Don't worry, these pickles won't be overwhelmingly hot (as long as you remove the seeds and pith from the serranos).
This super easy soup will have you warmed up on these winter nights in no time.
This simple side dish would work well as a bed for grilled salmon or as filler for a sandwich.
In a recipe season inundated with roasted roots and tubers, try something fresh!
This superfood is prepared in a super-simple way, with caramelized onions and plenty of garlic.
Vegetarians can enjoy the food at a cookout with these easy hobo potatoes.
This is not a raw salsa. We’re going to roast these vegetables off and get them a little carmelized.
In anticipation of Easter next week, we're doing eggs three ways in the podcast. And a local Community Kitchen eagerly awaits spring.
Executive Director Vicki Pierce credits the entire community, including home gardeners, for donating fresh and seasonal foods to the Community Kitchen.
Did you have a bad experience eating livers as a kid? This dish might change your mind. We're cooking local lambs' livers very simply.
I have adapted this recipe, adding in agave syrup, taking out the eggs, making my own buttermilk from soymilk and turning it gluten-free.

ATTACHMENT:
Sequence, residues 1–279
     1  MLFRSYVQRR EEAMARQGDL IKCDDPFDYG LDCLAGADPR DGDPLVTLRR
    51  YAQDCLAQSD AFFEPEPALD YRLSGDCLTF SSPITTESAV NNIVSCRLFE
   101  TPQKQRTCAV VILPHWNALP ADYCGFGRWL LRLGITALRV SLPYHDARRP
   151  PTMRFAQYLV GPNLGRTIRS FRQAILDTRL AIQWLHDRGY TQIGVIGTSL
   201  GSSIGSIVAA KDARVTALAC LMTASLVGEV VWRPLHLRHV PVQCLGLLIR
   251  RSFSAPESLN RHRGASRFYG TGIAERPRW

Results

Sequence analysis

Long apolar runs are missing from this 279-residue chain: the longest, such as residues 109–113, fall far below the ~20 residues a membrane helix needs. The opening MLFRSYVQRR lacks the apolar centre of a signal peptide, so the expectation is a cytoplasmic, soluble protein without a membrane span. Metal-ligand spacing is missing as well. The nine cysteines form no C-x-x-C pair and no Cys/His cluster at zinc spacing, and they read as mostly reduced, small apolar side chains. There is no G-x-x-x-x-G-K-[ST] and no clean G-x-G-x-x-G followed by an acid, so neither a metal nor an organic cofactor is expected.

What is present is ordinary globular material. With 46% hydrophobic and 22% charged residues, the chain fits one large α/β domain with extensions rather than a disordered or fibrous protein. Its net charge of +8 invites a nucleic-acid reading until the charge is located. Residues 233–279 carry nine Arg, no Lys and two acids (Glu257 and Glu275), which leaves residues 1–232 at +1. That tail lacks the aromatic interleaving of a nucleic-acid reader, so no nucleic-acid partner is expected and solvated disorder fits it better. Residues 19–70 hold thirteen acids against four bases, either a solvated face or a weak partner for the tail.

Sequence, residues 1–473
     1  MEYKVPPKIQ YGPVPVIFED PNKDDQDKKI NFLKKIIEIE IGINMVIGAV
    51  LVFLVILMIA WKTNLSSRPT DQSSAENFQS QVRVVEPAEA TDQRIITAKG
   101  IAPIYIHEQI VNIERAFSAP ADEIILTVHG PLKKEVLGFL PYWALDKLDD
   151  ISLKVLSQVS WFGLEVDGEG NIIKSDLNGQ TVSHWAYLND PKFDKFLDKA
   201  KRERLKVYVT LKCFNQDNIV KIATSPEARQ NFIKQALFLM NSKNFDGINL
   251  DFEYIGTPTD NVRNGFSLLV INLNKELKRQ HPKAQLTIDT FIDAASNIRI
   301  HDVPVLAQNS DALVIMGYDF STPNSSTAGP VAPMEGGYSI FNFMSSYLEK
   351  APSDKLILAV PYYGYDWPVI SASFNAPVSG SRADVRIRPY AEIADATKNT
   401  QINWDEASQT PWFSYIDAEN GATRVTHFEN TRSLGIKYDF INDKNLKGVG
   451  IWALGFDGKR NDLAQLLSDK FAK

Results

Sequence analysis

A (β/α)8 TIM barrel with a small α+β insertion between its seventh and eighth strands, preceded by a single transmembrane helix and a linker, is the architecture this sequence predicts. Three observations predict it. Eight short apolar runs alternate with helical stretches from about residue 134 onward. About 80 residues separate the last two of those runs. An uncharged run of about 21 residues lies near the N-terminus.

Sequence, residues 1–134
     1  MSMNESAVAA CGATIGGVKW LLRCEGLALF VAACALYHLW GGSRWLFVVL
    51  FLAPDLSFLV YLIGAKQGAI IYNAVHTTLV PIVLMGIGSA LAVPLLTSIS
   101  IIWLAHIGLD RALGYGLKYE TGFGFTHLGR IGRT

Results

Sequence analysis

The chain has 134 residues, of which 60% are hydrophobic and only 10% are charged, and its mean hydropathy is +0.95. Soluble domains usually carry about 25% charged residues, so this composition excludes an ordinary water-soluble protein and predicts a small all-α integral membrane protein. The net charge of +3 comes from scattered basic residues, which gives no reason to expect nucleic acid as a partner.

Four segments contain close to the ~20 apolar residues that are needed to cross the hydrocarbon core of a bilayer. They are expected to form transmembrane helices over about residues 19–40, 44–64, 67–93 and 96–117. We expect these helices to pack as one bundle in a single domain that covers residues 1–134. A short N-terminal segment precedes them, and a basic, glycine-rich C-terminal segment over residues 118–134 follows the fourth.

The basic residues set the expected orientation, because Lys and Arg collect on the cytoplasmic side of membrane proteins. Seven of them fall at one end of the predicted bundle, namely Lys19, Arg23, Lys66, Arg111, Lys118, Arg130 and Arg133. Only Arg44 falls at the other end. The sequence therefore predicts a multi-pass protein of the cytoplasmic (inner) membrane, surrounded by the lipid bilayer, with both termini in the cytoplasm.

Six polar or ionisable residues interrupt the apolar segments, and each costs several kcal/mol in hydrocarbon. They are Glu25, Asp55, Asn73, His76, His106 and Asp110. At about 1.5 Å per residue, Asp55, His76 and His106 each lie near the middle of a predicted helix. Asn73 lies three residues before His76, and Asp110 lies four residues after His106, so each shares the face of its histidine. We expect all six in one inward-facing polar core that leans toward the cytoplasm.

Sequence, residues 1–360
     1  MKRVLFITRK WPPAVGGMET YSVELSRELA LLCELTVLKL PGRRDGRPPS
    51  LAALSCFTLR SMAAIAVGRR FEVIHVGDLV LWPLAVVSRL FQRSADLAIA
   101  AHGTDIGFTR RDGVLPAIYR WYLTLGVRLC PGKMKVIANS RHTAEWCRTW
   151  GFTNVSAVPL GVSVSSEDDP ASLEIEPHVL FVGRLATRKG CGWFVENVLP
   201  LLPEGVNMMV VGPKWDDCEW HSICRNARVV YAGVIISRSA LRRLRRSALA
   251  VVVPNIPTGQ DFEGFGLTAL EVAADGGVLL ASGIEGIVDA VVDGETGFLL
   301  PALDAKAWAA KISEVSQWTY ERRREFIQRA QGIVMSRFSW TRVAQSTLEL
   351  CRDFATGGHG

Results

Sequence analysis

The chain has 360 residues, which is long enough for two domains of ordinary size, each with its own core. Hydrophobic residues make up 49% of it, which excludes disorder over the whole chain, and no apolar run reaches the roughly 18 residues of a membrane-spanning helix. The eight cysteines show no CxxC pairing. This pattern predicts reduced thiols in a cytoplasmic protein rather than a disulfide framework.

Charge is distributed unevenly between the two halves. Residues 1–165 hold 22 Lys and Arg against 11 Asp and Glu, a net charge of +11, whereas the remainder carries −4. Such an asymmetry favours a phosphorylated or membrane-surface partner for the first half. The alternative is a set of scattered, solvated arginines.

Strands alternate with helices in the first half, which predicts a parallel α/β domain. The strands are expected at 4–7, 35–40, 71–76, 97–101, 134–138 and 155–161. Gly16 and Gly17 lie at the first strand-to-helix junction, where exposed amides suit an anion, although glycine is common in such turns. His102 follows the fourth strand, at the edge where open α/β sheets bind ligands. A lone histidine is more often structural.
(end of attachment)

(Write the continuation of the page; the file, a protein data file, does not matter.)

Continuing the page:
Experiment with cooking beans from dry for this recipe. You can inject a lot of flavor this way.
This vegetarian soup is hearty enough to eat as a meal. Use water instead of stock and it's also vegan-friendly!
In addition to the three marquee ingredients, coffee adds some zing to this chili.
If you find yourself in a bit of a bind and you have to cook something great, all you need are onions, carrots and celery to save the day.
You want to avoid pesticides but you're on a budget. The "Dirty Dozen" to the rescue!
We get advice from a pickling expert and try our hand preserving some hot peppers. And, fresh fruit with tequila lime syrup makes a delicious brunch treat.
I smuggled these two salsa recipes out of Mexico when I lived there a few years ago. One salsa is cooked, the other is raw.
Yes, I realize we're still in the middle of growing season, but you want to be prepared for the day when it's time to harvest!
As your garden starts to produce, don't forget to look to the future. Saving seeds, canning, and drying flowers is a great way to enjoy the bounty all year.